A Cushman and Wakefield study reports that Quebec retail sales reached record highs in 2021. Amazon, in particular, capitalised on the "stay-at-home" culture. Large retailers such as Walmart, Costco and the major supermarkets contributed to this growth, introducing hybrid shopping, online and in stores, and delivery options to consumers. 

What about the shopping centres? Grocery and pharmacy-anchored projects performed well, as did well-anchored power centres. Downtown Montreal was bleak, largely due to the absence of office workers, university and foreign students, and government restrictions. Even the Montreal Canadiens, playing in the Stanley Cup final for the first time in many years, were only allowed 3,500 fans in the Bell Centre, a facility that seats 21,032.

Property management saw a major change in 2021. Ivanhoe Cambridge, the real-estate subsidiary of the Caisse de dépôt et placement du Québec (CDPQ), the Quebec government pension fund, transitioned the operation of its Canadian shopping centre portfolio to Jones Lang LaSalle (JLL), in order to focus upon its core business as an investor. Together, JLL and Ivanhoe Cambridge will develop a "Centre of Excellence for Sustainability (COES) in Quebec, and an accompanying team, to accelerate the transition to sustainable development and implantation of current and near-future technologies" (joint press release of August 24 2021). This is consistent with the ESG goals of the real-estate industry and the requirements of lenders and institutional investors.


Repositioning and densification

The government-imposed Covid-19 restrictions posed a number of challenges to enclosed malls. Class B and C malls suffered greatly, although this issue predates the pandemic.

Many developers of older properties are repositioning into mixed-use projects, often with residential towers and ground floor retail spaces suited to the needs of the residents. Zoning, urban planning, traffic circulation and lease obligations to existing tenants are among the myriad of issues to address when redeveloping an existing property. In instances where the retail space and the residential space are owned by different groups, a useful structure that can be implemented is to horizontally "condominiumise" the land, and then create vertical condominiums to separate the residential from the retail spaces.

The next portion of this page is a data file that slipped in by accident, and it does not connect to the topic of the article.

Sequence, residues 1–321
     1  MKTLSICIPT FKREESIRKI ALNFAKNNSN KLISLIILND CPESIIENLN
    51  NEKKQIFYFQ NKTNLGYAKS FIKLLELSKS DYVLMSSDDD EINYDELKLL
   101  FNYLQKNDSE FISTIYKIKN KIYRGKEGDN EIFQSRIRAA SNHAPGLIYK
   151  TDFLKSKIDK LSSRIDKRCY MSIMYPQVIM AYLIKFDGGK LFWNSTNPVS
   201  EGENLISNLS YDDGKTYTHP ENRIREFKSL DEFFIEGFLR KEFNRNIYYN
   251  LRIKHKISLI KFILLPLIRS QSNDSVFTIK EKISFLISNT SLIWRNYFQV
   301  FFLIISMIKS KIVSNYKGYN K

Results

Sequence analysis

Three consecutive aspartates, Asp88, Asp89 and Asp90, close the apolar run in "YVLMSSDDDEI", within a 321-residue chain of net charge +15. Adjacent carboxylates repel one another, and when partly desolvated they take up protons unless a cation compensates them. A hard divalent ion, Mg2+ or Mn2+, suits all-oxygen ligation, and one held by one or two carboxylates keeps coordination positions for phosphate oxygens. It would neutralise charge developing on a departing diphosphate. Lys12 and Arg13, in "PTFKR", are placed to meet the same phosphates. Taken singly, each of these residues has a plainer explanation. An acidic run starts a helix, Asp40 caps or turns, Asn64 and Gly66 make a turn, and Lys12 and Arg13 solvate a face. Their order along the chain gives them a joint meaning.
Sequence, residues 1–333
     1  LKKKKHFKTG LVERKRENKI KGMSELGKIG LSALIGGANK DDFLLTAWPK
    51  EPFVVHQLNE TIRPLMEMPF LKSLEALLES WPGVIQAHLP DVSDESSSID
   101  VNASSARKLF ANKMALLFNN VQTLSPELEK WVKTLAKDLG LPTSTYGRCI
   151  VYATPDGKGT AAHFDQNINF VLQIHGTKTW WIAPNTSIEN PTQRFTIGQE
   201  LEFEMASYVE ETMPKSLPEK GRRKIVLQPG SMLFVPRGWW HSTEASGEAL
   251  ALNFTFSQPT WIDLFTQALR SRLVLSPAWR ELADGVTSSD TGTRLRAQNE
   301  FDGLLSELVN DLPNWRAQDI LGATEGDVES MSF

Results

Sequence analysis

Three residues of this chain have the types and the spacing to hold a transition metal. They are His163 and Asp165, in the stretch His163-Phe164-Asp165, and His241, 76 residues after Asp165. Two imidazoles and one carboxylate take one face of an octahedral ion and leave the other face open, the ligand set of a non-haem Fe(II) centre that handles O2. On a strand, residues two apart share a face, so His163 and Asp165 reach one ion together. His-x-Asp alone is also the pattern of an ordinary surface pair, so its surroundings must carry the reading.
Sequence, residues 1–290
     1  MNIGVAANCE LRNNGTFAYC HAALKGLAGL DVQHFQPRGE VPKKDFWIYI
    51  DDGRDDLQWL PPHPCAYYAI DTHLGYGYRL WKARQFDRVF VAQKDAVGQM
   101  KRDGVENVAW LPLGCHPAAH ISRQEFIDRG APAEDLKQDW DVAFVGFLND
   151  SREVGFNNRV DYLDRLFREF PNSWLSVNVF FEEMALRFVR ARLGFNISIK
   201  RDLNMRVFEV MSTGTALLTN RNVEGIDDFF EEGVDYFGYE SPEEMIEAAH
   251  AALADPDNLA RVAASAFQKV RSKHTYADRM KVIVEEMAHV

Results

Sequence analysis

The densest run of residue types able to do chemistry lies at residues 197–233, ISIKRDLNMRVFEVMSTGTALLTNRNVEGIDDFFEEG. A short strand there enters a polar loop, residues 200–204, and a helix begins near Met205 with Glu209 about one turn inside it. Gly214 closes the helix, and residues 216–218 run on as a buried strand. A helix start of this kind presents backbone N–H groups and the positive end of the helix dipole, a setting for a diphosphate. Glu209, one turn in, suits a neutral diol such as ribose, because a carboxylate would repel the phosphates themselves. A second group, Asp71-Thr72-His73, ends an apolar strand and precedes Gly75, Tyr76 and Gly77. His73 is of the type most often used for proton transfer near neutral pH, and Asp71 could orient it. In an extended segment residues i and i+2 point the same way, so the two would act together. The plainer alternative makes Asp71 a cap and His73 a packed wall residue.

We can draw a further example of such repositioning and densification from Prevel’s Esplanade Cartier development project, located directly below the historic Jacques Cartier Bridge and facing the St. Lawrence River. What was once the site of industrial-zoned land, which had essentially been used for parking purposes for the past 20 years, is being developed into a multi-phase mixed-use project that will incorporate residential units (both condominium and rental) as well as social housing, commercial and office spaces, and community components. The adoption of Montreal’s bylaw to improve the supply of social, affordable and family housing has also made its way into practice, as residential development projects of 4,843 square feet or more, such as the Esplanade Cartier development, are required to incorporate a fixed ratio of social, affordable and family housing.


Much of the repositioning is TOD-supported (Transit-Oriented Development), and CDPQ Infra, a division of the CDPQ, is building and funding the Réseau express métropolitain, otherwise known as the REM. The REM is a light-rail rapid transit system currently under construction. Through the REM's 26 stations, the system will link downtown Montreal, the airport and the Greater Montreal area.

Construction is currently in progress with a 2024-targeted completion date. Many of the repositioning projects are situated at or near REM stations, providing quick and easy access. The REM is also planned to integrate with the existing metro (underground subway system), with a view towards increasing the use of energy-efficient and climate-control-friendly public transit. 

Expropriation legislative reform